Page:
CUSTOMER CENTRICITY

Case Study, CUSTOMER CENTRICITY

 Nisar Salar Shaikh

Subject: Customer Centricity

1.1.1 How to deliver better products—with the help of your customers.

Situation :- In an interview with Nisar, shaikh Mohsin, Yahoo’s new chief revenue officer, says improving its products for its customers is a priority.“I’d like to focus on our customers and try to be as customer-centric as we can,” she says. “Customers, for my organization, are advertisers and agencies. [My first priority is] to instill an approach that we can really try to listen to what the advertiser needs and deliver great ad products and great experiences for them so that they’re able to make great connections with Yahoo’s consumers.” Sheru says analytics is a critical piece of this approach, as she aims to use “80 percent data and 20 percent gut” when making business decisions. Yahoo is in the midst of a turnaround, but some of its recent announcements show that listening to customers is already having an impact. The company recently announced a slew of new innovative features for advertisers, giving its customers more visibility into ad view ability and ad fraud.

1.2.1 How customer Enable agility through experimentation and partnerships.

Situation: – Trip Advisor is a tech company that has won countless awards over the last nine years for its unique approach to hospitality, tourism and travel. A three-year winner of the “people’s voice” Webby Award, Trip Advisor routinely improves, iterates and innovates its product to meet the needs of customers, reviewers and business partners.

In mid-October, Trip Advisor announced a new partnership with leading reservation-technology company Booking.com which provides a much wider range of accommodations for their customers through Trip advisor’s Instant Booking platform. Investors are optimistic about Trip Advisor’s future, in no small part because of customer-centric innovations like Instant Booking.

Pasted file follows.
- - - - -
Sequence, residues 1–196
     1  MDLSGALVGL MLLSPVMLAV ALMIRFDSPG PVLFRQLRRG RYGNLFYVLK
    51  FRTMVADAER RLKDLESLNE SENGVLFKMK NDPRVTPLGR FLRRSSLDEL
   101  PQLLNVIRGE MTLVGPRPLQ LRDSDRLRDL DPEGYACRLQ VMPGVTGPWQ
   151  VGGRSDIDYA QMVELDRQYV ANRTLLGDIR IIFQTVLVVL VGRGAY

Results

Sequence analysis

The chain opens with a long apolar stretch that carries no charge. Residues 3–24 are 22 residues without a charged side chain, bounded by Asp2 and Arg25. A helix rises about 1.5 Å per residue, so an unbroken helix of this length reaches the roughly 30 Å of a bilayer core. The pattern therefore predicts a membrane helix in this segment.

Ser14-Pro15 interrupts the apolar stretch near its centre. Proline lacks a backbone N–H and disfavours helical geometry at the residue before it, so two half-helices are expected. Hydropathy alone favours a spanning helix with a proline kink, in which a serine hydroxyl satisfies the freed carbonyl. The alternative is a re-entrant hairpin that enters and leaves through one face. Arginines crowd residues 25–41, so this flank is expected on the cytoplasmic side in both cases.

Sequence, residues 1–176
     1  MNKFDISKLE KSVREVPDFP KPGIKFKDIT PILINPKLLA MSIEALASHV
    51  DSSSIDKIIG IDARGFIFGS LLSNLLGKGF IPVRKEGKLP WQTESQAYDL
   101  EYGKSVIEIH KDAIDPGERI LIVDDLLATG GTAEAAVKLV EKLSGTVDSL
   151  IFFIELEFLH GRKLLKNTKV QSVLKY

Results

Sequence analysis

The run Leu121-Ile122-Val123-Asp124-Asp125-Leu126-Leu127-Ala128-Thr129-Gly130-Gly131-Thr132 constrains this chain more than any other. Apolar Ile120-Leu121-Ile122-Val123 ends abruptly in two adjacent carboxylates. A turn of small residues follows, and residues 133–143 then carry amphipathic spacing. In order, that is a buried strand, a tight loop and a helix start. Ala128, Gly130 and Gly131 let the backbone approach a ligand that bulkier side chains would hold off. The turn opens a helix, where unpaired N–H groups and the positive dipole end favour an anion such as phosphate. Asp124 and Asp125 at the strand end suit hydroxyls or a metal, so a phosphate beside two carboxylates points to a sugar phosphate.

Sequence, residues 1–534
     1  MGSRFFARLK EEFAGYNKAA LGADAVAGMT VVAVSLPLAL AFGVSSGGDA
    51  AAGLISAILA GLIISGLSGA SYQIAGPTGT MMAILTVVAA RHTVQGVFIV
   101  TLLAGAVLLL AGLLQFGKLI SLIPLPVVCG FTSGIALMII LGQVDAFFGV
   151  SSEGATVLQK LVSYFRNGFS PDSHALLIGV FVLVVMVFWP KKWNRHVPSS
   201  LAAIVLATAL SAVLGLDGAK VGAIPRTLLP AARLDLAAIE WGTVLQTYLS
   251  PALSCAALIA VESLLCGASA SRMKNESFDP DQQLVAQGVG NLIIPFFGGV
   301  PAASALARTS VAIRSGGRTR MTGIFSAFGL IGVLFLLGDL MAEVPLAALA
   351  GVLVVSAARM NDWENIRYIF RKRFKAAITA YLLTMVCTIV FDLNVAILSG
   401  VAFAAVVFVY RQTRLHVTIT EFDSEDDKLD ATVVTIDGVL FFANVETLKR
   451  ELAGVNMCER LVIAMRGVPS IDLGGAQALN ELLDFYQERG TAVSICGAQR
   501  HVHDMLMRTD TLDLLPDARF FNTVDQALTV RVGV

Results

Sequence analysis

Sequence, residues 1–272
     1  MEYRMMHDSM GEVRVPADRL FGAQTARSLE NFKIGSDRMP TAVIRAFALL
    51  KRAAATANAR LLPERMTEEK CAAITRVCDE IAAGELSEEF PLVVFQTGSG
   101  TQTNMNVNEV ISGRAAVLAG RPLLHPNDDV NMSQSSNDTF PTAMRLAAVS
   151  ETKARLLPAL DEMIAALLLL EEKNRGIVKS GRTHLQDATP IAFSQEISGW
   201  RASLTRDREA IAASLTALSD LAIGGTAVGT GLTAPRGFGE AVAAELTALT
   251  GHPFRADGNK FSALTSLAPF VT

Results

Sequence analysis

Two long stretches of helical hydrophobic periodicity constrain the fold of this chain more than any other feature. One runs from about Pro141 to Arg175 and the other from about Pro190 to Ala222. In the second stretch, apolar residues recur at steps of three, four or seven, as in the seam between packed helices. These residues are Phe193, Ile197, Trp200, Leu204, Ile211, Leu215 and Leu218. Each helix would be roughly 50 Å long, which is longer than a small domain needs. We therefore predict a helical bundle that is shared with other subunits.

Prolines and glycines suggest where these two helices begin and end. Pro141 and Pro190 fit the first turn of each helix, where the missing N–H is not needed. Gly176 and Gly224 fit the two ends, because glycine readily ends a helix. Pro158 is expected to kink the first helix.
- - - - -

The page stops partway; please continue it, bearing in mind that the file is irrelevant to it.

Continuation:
1.3.1. How to enhance Embrace transparency.

Situation: – On a smaller scale (for now!), the online clothing retailer Mohsin is revolutionizing the way India shoppers purchase wardrobe staples. By offering “radical transparency” to their customers, the company is opening up its doors—and the doors of the factories and partners that work for them—to give customers an inside look at how their products are created and priced. In addition to this customer-centric approach to pricing and communication, the company is piloting Ever lane now, a same-day delivery program in markets like Maharashtra and Madhya Pradesh City. Yet again, their customers get to hold the reins and direct the business into a model that suits them perfectly. The result for Ever lane has been great. It has experienced dramatic growth, progressing rapidly from 200,000 customers in 2015 to more than one million in 2016.

1.4.1 How to Amaya starts to clean up its image…with the help of its customers. 

Situation: – Amaya is also in the middle of a turnaround—and listening to customer feedback has been key to some early wins. The company is responding to changing customer tastes by serving only chicken that isn’t raised with antibiotics. The fast-food chain also announced that it is offering milk from cows not treated with an artificial growth hormone. On the international side, the Golden Arches announced that it will be expanding its all-day breakfast menu to the Gold Coast—a move that was informed by customer feedback.“We are always listening and taking on feedback from our customers, and all-day breakfast was one that people are always asking of us,” says vishal Loll back, chief marketing officer of the company.

1.5.1 How Narendra its focus to customer love.

Situation: – Microsoft CEO Satya Nadella wants to change the culture at his company. He said that, as part of the company’s new corporate mission, Microsoft is focusing less on things like revenue and profit. Instead, Nadella wants to focus on “leading indicators of success” such as customer love.

“Nadella thinks that Microsoft needs to focus less on profit for profit’s sake, and more on building stuff that people love,” reports Business Insider’s Matt Weinberger. “If people love Microsoft products, the rest will fall into place.”

 

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